As the old saying goes Kansas, like many midwestern states, is as flat as a pancake. Somehow, pancakes became the golden standard for flatness, but do they really deserve such a title? A team of researchers from Texas State University and Arizona State University decided to find out. The researchers scientifically tested whether or not the state of Kansas was as flat as a pancake, and were surprised at what they found.
Pancakes might be flat, but they are by no means the golden standard. The state of Kansas is actually flatter than a pancake. Who would have thought that was possible? The researchers figured this out by gathering data from the US Geological Survey about the topography of Kansas. They then obtained sample pancakes from none other than that breakfast staple, The International House of Pancakes. Armed with science and breakfast, the researchers headed into the lab.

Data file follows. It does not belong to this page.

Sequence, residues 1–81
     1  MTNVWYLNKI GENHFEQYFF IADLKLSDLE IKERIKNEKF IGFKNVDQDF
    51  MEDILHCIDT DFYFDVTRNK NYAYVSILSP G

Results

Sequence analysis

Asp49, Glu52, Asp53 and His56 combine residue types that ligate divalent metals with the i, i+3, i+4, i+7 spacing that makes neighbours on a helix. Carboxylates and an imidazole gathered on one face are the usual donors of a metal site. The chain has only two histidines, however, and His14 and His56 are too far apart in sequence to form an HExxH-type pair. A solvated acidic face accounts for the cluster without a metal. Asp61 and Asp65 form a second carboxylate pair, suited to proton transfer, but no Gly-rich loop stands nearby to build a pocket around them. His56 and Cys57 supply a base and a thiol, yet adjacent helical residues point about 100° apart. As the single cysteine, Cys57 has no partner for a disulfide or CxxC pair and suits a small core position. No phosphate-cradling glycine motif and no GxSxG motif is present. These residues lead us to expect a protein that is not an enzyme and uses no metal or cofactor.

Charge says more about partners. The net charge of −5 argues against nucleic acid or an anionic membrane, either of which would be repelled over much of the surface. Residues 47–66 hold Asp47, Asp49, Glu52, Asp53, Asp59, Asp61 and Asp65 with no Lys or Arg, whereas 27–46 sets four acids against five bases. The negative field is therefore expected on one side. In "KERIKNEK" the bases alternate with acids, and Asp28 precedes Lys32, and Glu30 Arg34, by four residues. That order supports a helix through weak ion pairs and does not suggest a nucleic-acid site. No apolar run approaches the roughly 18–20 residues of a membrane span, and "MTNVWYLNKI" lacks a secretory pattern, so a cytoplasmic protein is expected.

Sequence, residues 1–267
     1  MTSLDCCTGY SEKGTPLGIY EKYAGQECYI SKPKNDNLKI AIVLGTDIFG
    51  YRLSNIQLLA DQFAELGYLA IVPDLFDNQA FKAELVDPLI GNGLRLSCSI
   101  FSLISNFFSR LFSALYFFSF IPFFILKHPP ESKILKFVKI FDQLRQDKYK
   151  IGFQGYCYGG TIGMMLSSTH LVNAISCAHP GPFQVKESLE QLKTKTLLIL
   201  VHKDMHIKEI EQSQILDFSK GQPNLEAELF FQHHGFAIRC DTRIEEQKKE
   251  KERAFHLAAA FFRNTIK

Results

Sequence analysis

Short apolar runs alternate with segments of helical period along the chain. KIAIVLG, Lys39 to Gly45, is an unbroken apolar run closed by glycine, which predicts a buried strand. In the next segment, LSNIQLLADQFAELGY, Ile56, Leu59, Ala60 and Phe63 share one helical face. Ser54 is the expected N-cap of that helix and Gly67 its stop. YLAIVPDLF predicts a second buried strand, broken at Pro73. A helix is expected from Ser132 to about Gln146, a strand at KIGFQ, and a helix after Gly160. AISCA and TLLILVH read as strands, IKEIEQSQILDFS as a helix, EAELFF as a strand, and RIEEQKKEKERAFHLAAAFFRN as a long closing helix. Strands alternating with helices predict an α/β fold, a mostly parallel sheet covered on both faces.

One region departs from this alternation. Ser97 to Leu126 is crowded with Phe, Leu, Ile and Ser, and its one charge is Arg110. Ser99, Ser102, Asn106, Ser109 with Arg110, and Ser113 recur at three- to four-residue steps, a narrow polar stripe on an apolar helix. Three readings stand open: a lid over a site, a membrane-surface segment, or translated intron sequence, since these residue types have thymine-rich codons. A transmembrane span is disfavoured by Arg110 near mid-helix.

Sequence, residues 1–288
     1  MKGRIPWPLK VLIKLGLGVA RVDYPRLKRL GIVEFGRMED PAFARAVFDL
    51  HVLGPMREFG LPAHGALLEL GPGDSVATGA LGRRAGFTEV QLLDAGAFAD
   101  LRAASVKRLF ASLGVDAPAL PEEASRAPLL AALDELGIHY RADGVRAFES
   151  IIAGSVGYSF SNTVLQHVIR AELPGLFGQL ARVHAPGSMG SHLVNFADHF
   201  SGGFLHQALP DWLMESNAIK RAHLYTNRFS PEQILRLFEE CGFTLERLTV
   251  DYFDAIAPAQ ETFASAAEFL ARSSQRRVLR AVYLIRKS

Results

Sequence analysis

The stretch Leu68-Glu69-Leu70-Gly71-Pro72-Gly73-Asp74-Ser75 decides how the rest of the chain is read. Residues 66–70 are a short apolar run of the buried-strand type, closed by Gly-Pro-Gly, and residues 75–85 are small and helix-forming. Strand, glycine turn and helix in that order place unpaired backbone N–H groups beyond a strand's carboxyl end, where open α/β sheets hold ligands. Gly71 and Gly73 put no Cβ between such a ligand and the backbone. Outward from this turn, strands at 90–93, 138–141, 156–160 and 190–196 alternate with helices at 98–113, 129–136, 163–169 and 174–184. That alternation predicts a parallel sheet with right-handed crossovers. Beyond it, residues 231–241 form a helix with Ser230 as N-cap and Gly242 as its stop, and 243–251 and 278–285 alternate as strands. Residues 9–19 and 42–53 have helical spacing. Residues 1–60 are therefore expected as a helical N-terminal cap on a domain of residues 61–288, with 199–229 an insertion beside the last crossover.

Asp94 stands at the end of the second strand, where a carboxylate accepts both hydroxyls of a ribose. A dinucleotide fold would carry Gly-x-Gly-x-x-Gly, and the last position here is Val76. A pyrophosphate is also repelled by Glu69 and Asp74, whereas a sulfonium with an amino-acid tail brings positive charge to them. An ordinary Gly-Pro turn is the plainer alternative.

The researchers used a confocal laser microscope to compare the flatness quotient of a pancake to the USGS data about Kansas. For something to be perfectly flat (1.0) it would need to have no two points on its surface at different levels. A 2cm strip of pancake was placed under the microscope, and the researchers found that it was surprisingly inconsistent (0.957) with some sharp peaks and a lump in the center. Kansas, on the other hand, was pretty darn close to the perfectly flat designation, coming in at 0.9997. According to the researchers, this makes the state flatter than a pancake.
Now, this isn’t to say that Kansas is as flat as it gets, as it does fall short of perfect and there are bound to be some hills or other “spikey” things that would keep it from that designation, but the researchers were able to conclude that a pancake is shockingly bumpy and doesn’t deserve to be the golden standard for flatness.
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